Curve and our clients are thinking more and more about ways in which we can work sustainably .. in a series of blog posts Laura explores new uses of materials and products which are paving the way for a more eco future!
Cork is a material we have been aware of all our lives but have you ever imagined it being used within interiors beyond the classic cork notice board? As we strive for more sustainable solutions within interior design, designers are experimenting with new and old materials to break the mould of the stereotypical eco-friendly design.
British designer Jasper Morrison exhibited a series of furniture items made from Cork at New York’s Kasmin gallery, pushing the boundaries from his usual industrial style designs. Morrison decided to experiment with cork due to its atmospheric and functional qualities – key design components for a furniture piece with a long-life cycle. He created furniture from book shelves to a fireplace surround.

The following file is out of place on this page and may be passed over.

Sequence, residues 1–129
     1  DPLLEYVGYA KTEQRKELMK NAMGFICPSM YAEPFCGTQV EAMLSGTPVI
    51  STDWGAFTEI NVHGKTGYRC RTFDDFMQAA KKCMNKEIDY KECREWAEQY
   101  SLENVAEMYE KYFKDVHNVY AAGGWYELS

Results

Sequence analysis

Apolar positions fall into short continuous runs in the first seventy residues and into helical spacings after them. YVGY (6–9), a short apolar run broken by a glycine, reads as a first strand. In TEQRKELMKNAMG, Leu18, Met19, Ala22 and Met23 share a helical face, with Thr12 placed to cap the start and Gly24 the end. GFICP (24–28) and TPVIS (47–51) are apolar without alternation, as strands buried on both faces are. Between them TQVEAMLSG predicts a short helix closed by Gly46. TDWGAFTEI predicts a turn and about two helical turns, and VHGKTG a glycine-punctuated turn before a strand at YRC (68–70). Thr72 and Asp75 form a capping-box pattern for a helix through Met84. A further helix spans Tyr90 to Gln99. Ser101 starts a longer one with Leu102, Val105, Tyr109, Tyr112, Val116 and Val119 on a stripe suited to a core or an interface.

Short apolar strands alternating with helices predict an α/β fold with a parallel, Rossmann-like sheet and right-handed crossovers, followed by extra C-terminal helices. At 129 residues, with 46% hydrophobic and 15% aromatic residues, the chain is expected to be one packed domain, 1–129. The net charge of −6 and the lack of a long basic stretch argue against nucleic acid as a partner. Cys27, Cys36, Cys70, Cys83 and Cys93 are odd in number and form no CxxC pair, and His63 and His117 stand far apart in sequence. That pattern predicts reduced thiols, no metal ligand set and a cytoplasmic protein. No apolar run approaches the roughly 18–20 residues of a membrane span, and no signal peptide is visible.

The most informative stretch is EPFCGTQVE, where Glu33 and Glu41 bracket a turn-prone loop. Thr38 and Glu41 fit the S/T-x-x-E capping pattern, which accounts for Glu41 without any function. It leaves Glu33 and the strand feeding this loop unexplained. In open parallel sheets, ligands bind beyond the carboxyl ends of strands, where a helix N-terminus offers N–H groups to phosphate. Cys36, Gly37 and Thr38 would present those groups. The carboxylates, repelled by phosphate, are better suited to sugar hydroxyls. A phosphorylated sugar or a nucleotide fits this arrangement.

Cork is harvested from the Cork Oak tree. The outer bark is stripped from the trees without cutting them down. This method allows the plant to continue capturing carbon and as a result makes the material effectively carbon negative. Cork is sound absorbent, fireproof, waterproof and amazingly light, making it the perfect material for furniture.
Another acclaimed designer Tom Dixon released a series of furniture made from cork that has been charred to give it a deep brown colour, somewhat disguising its natural appearance and steering away from a Scandinavian aesthetic. For Dixon’s furniture he bound Cork with a small amount of polyurethane resin to increase the durability of the material which was reduced during its charring process. The resin element does not reduce the products ability to be continually recycled and as a result there is no waste in the process.